27. 27. SAMPLE CONTRACTING COMPANY, INC. STATEMENTS OF STOCKHOLDERS’ EQUITY YEARS ENDED DECEMBER 31, 2010 AND 2009 (SEE ACCOUNTANTS REVIEW REPORT) Unrealized Gains Common Retained (Losses) on Stock Earnings Securities TotalBALANCE, JANUARY 1, 2009 $ 50,000 $ 1,485,000 $ 5,000 $ 1,540,000COMPREHENSIVE INCOME Net Income - 105,000 - Other Comprehensive Income, Net of Tax: Unrealized Losses on Securities: Unrealized Holding Gains Arising During the Year (Net of $1,000 Deferred Income Tax) - - 5,000 Total Comprehensive Income 110,000 BALANCE, DECEMBER 31, 2009 50,000 1,590,000 10,000 1,650,000COMPREHENSIVE INCOME Net Income - 460,000 - Other Comprehensive Income, Net of Tax: Unrealized Losses on Securities: Unrealized Holding Gains Arising During the Year (Net of $5,000 Deferred Income Tax) - - 15,000 Total Comprehensive Income 475,000 Sale of 200 Shares to an Employee for Cash 10,000 - - 10,000 BALANCE, DECEMBER 31, 2010 $ 60,000 $ 2,050,000 $ 25,000 $ 2,135,000See accompanying Notes to Financial Statements. (5)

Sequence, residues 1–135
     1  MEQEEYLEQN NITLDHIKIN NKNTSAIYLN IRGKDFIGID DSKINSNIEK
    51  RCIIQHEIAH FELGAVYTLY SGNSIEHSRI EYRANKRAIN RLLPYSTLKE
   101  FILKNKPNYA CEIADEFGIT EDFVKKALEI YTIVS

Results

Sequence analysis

28. 28. SAMPLE CONTRACTING COMPANY, INC. STATEMENTS OF CASH FLOWS YEARS ENDED DECEMBER 31, 2010 AND 2009 (SEE ACCOUNTANTS REVIEW REPORT) 2010 2009CASH FLOWS FROM OPERATING ACTIVITIES Cash Received from Contracts $ 17,955,000 $ 12,630,000 Cash Paid to Suppliers and Employees (17,134,000) (12,345,000) Interest Paid (145,000) (140,000) Income Taxes Paid (173,000) (65,000) Cash Provided by Operating Activities 503,000 80,000CASH FLOWS FROM INVESTING ACTIVITIES Payments for Purchase of Equipment and Vehicles (410,000) (180,000) Proceeds from Sale of Equipment and Vehicles 50,000 20,000 Increase in Cash Value of Life Insurance (30,000) (10,000) Advances of Note Receivable - Officers (20,000) (50,000) Purchase of Investments (235,000) (100,000) Proceeds from Sale of Investments 80,000 200,000 Proceeds on Joint Venture Distribution 10,000 - Investment in Joint Venture - (40,000) Cash Used by Investing Activities (555,000) (160,000)CASH FLOWS FROM FINANCING ACTIVITIES Proceeds from Long-Term Borrowings 330,000 100,000 Payments on Long-Term Debt (150,000) (80,000) Net Proceeds from (Payments on) Short-Term Borrowings (210,000) 200,000 Proceeds from Life Insurance Policy Loans 10,000 - Proceeds from Sale of Common Stock 10,000 - Cash Provided by (Used in) Financing Activities (10,000) 220,000 NET INCREASE (DECREASE) IN CASH AND CASH EQUIVALENTS (62,000) 140,000Cash and Cash Equivalents - Beginning of Year 245,000 105,000 CASH AND CASH EQUIVALENTS - END OF YEAR $ 183,000 $ 245,000See accompanying Notes to Financial Statements. (6)